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‘Choice’ doesn’t always mean abortion

I have a friend here in Israel who found out she was pregnant when she went in for a neurological workup at the hospital several years ago.

She was single. She worked hard and played hard. Having a baby was the last thing on her mind.

“You need an MRI,” the doctor told my friend in English as he looked over her chart after they did an initial blood draw. “But don’t worry, it won’t affect the baby”

“The who???” My friend stammered.

“The baby.”

“What baby?”

“Nu? You don’t know you’re pregnant?”

“Uhhhh do I look like someone in the know?”

The doctor was religious. He had a black yarmulke on his head. My friend said she assumed he’d judge her for being single, pregnant, and totally freaked out.

But instead, the doctor smiled.

“Is this a ‘Mazal Tov’ or ‘Oh shit’ moment?” he asked her.

“I’m not sure…” she answered.

“Look,” he said “you get to decide what you want to do. If you want to have a baby, that’s fine. And if you don’t, that’s fine too.”

My friend felt relief flood through her. She knew abortion is legal here in Israel, but davka at the very moment where she was vulnerable and uncertain and a little afraid, the doctor made her feel like not only was he NOT judging her reaction, but that he also UNDERSTOOD her ambivalence.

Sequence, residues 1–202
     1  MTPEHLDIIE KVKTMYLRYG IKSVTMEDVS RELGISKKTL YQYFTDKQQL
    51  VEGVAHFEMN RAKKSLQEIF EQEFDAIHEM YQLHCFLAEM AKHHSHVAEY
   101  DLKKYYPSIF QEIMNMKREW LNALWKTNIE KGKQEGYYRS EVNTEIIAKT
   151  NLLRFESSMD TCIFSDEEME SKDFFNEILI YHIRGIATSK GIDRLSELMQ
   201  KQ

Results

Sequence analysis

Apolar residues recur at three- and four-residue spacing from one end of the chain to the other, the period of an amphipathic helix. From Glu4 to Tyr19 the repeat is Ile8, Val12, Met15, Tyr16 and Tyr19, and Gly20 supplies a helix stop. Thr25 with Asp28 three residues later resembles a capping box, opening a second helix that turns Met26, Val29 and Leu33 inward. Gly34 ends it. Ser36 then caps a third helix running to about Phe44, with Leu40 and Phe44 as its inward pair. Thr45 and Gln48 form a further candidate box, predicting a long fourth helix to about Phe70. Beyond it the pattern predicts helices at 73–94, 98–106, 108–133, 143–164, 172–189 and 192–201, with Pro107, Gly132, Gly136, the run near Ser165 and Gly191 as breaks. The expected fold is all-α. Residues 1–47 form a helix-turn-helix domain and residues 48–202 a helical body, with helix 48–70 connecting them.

And by giving her permission to think about her choices, my friend ended up keeping her baby, and today has a beautiful five-year-old girl who is very much wanted.

About the Author
Sarah Tuttle-Singer, author of Jerusalem Drawn and Quartered and the New Media Editor at Times of Israel, She was raised in Venice Beach, California on Yiddish lullabies and Civil Rights anthems. She now lives in Jerusalem with her 3 kids where she climbs roofs, explores cisterns, opens secret doors and talks to strangers, and writes stories about people. Sarah also speaks before audiences left, right, and center through the Jewish Speakers Bureau, asking them to wrestle with important questions while celebrating their willingness to do so. She also loves whisky and tacos and chocolate chip cookies and old maps and foreign coins and discovering new ideas from different perspectives. Sarah is a work in progress.
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